In 2022, three candidates were selected for induction into the U.S. Chess Hall of Fame by the US Chess Recognitions Committee and confirmed by the U.S. Chess Trust: Daniel Willard Fiske, a major pioneer in chess organization, journalism and more, who originated the idea of a nationwide American Chess Congress and helped make it a reality in 1857, in addition to influencing the creation of the American Chess Association (a precursor to today’s US Chess) and playing an important role in standardizing the rules of chess; James Tarjan, who represented the United States in five Chess Olympiads, winning four team and three individual medals with a winning percentage that places him equal second to Bobby Fischer, and also achieved the best-ever rating performance by an American player aged 65 or older; and John Watson, one of the greatest writers in the history of American chess who authored many groundbreaking books during the past four decades including Secrets of Modern Chess Strategy (2002) and Chess Strategy in Action (2023), and was the first-ever US. National High School champion and a U.S. Chess Championship participant.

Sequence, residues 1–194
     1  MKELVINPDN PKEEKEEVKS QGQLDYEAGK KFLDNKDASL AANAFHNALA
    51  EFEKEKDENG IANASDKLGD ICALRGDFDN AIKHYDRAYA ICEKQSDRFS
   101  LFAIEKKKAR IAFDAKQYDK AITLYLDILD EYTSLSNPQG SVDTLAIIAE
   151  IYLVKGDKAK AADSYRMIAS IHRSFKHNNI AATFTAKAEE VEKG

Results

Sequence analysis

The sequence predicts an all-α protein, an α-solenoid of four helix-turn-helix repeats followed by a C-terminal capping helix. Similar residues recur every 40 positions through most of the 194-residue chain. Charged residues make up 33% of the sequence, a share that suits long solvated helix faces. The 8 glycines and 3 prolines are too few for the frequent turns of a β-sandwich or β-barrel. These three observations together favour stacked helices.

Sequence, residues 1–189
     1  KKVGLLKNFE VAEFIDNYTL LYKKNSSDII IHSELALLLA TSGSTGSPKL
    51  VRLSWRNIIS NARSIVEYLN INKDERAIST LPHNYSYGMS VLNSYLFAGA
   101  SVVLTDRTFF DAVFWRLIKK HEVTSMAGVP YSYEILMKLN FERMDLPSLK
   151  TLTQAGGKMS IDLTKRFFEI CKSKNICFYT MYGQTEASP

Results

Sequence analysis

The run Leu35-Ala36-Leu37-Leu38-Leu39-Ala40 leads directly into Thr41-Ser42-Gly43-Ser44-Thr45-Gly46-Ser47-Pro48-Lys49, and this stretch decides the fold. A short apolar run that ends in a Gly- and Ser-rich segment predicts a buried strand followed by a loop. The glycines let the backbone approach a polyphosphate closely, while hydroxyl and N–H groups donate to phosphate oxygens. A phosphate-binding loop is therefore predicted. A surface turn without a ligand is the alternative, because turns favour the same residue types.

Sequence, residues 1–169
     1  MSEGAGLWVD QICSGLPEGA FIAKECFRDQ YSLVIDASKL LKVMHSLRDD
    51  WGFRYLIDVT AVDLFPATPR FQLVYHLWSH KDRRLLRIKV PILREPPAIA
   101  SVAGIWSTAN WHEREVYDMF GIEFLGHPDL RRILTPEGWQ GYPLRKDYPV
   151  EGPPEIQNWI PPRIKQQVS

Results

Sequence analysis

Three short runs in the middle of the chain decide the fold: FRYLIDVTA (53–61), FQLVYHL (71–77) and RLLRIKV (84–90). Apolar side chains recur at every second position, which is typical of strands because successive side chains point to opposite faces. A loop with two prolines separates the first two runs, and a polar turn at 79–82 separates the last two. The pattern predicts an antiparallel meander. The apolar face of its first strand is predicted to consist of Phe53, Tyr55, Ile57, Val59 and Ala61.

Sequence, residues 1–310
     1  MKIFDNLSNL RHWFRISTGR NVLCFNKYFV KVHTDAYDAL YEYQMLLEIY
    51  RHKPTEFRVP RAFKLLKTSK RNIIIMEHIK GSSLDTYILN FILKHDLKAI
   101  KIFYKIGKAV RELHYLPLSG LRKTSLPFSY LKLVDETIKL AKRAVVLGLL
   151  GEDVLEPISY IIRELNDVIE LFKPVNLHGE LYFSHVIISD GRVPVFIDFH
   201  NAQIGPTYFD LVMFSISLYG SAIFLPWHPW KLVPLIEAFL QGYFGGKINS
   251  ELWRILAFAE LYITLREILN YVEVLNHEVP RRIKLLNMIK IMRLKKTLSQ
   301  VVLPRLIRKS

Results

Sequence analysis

“All three of this year’s inductees have made an incredible impact on the game and sport of chess,” said US Chess Trust President E. Steven Doyle. “Fiske’s influence as an early U.S. chess journalist, Tarjan’s distinctive Chess Olympiad accomplishments and Watson’s lifetime of chess instruction and coaching are accolades deserving of recognition in the U.S. Chess Hall of Fame.”

Chess Hall of Fame